It’s difficult to put ourselves in someone else’s shoes when our experience is not like theirs. But it’s even easier to judge every-body generalizing that our experience can apply to everyone indistinctly.
If we talk about experiences that concern food and body, what we live is a totally personal experience. In fact, Not only our bodies look different, but they work differently and respond to food and movement differently.
Why we continue to judge every-body
How many times, looking someone fatter of thinner than us, have we commented that they would have been much healthier or more attractive if they had eaten more or if they had followed a diet?
Body shaming come easy because these are based on the experiences on our bodies. The fact, for example, that we have lost weight or managed to lose weight without particular diets or without having worked hard in the gym doesn’t mean that everyone can do it. And even if all this lead to a better health, this doesn’t mean that everyone can achieve the same result doing the exact same things.
Our experience is not universal. No one can have an idea of the health or habits of someone just by looking, not even a doctor. And no one has the right to expect or ask others to change their bodies.
Body shaming and insults
All make mistakes in life. And at some point in our life we all said or did something that made someone shame or hurt because of his body. It happened to you as it happened to me too. Maybe it wasn’t something intentional or we didn’t think about it too much. We saw a person who was too fat or too thin for us and we thought it was helpful to say to eat a little more or less, to comment his/her habits and other things like those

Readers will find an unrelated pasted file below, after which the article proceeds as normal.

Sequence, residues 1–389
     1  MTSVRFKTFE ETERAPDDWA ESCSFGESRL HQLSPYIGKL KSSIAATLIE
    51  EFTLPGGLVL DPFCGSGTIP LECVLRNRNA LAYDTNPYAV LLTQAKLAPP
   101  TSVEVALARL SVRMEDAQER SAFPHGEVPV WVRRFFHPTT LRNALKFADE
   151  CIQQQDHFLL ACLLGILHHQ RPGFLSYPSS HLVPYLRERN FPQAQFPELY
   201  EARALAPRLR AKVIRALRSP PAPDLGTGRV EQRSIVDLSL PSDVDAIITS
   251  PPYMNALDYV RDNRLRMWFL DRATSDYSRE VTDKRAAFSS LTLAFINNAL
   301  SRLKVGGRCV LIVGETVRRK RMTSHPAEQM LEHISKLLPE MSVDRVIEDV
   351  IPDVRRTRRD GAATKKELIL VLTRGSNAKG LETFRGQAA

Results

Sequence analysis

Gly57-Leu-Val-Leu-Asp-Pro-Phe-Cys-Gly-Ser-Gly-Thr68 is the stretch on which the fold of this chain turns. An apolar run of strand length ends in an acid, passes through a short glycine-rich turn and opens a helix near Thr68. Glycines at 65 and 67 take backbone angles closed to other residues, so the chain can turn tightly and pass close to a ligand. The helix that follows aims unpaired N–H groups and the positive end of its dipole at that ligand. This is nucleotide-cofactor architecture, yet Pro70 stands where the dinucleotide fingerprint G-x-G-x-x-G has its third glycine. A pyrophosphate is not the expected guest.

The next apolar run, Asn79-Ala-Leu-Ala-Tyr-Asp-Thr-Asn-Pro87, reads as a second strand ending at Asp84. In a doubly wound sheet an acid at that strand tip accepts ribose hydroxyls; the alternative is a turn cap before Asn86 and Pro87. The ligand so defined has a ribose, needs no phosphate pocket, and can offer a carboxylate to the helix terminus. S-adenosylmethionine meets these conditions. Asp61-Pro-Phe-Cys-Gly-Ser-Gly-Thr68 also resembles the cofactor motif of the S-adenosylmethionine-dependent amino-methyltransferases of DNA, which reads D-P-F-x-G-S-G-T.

That’s why the body shaming entered in a logic where we believed that people deserve to receive this behaviors because of the body they have. We thought that was the price they have to pay for “letting theirselves go”
Maybe he/she was a dearer friend of ours, thinner or fatter than us, who told us he/she was insulted. And we replied that “you can’t change the world and that the only thing to do is change your body”. But we didn’t think that, by saying so, we made him/her feel even more abandoned and isolated for how he/she felt
Maybe we had some weird faces when we were next to a person with a different body than ours. Maybe we said “but how does she stay with someone like him?” or “what courage to go around like that”?! And we didn’t think about how these things could make that person feel.
It happened to everyone. But the only way to do better is to do things differently.